Renowned Italian film director and screenwriter Vittorio Taviani to receive honorary degree
July 19, 2012
MIDDLEBURY, Vt. – Award-winning Italian film director and screenwriter Vittorio Taviani will receive an honorary Doctor of Arts degree from Middlebury College on July 25. Michael Geisler, vice president for Language Schools, Schools Abroad and graduate programs, will present Taviani with the degree at a ceremony on campus. His daughter, Giovanna Taviani, was a faculty member at the Italian School during the Middlebury Language Schools’ 2011 summer session.
“Middlebury is honored to welcome the notable director Vittorio Taviani,” said Geisler. “He and his partner and brother Paolo are known as two of the most prolific film collaborators in the world and the ‘maestri’ of Italian cinema.”
Working closely with his brother Paolo on every project, Vittorio Taviani has been making films since the 1950s. Their established creative method is to write screenplays together and then take turns directing alternate scenes.
The Taviani brothers have received several awards for their films, including the Palme d’Or, or top prize, at the Cannes International Film Festival in 1977 for “Padre Padrone.” In 1982 they were awarded the Grand Prix du Jury at Cannes for “'The Night of the Shooting Stars,” which was also voted best film by the National Society of Film Critics in 1983.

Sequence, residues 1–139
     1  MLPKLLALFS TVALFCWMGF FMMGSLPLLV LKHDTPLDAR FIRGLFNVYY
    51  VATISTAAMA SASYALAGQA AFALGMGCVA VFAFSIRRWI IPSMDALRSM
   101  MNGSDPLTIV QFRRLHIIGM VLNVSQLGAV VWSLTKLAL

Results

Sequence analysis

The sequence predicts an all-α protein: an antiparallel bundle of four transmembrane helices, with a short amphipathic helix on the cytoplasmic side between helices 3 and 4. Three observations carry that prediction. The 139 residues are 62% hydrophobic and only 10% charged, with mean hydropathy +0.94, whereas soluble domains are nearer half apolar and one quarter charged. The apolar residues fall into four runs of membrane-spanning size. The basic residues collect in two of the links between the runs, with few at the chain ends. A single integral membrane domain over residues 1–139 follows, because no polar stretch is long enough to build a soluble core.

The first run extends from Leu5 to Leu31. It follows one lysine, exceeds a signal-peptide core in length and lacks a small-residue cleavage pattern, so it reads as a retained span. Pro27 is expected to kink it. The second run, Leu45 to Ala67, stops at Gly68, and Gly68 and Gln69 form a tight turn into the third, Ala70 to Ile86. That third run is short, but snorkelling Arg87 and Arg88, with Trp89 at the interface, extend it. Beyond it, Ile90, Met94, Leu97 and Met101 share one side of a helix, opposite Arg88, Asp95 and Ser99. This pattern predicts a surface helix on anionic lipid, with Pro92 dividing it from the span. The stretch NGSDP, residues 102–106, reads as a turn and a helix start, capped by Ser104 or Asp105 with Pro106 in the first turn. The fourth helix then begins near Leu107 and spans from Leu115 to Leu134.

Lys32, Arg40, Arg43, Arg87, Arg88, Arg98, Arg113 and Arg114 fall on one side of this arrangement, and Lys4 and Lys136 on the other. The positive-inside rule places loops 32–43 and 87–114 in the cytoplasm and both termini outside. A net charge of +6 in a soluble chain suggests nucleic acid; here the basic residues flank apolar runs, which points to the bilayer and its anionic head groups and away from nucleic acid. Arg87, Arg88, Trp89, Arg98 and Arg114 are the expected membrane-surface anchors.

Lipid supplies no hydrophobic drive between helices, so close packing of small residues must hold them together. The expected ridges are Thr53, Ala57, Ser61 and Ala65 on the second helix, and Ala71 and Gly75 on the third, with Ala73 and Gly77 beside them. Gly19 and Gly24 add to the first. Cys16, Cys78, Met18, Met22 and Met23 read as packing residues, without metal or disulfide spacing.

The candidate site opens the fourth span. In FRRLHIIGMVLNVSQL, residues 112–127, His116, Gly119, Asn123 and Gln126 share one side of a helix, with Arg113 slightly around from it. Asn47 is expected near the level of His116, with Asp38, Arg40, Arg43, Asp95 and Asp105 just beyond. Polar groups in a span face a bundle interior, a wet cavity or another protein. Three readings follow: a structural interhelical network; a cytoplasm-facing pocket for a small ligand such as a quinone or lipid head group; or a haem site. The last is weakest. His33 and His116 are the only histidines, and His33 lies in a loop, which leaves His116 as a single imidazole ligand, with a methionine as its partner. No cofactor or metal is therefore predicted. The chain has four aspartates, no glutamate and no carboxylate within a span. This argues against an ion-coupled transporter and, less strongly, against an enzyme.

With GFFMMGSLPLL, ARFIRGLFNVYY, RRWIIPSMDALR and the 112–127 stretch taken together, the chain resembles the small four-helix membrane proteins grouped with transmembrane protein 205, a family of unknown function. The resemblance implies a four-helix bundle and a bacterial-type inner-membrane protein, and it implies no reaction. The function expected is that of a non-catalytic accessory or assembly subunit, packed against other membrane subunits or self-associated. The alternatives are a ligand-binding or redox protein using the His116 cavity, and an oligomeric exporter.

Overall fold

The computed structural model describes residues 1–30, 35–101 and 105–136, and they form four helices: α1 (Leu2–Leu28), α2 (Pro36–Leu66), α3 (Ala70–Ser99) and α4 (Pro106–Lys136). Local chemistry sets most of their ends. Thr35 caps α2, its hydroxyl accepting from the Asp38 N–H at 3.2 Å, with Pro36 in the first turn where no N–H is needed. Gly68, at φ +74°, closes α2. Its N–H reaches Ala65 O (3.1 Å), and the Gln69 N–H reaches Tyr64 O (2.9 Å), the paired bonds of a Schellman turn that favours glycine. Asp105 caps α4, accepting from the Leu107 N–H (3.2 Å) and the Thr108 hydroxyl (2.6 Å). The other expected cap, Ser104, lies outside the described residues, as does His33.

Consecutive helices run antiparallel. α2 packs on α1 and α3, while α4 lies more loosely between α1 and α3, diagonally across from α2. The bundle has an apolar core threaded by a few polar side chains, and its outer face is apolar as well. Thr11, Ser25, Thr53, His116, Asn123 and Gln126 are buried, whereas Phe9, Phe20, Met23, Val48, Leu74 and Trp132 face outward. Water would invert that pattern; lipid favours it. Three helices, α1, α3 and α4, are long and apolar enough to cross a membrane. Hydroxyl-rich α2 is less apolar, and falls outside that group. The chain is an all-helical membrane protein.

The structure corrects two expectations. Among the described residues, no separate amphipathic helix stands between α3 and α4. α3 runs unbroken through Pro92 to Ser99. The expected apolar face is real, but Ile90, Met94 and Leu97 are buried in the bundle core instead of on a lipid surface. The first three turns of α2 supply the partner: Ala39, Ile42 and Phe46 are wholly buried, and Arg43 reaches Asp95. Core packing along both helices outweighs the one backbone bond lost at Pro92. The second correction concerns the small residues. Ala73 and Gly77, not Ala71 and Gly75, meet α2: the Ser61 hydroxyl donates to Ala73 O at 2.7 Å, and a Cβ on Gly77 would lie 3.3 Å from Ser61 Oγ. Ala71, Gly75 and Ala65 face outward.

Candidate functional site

The Tavianis’ films often focus on corruption, abuse of power, poverty, divorce, war, and the clash between modernity and tradition. Frequently they are based on works of fiction. In 1987, the brothers made their first American film, “Good Morning Babylon,” which the New York Times called “a perceptive homage to Hollywood’s salad days.”
Born in San Miniato, Italy ― Vittorio in 1929 and Paolo in 1931 ― the Tavianis are the sons of a lawyer who under the Fascist dictatorship encountered the hostilities of the regime for his political ideas. The brothers attended the University of Pisa; Vittorio studied law while Paolo studied literature and humanities. In 1954, they abandoned their university studies and, together with their future collaborator Valentino Orsini, began work on a series of documentaries concerning contemporary social issues largely inspired by Neorealism.
Their most recent film, “Caesar Must Die,” won the Golden Bear, or top prize, at the Berlin International Film Festival in 2012.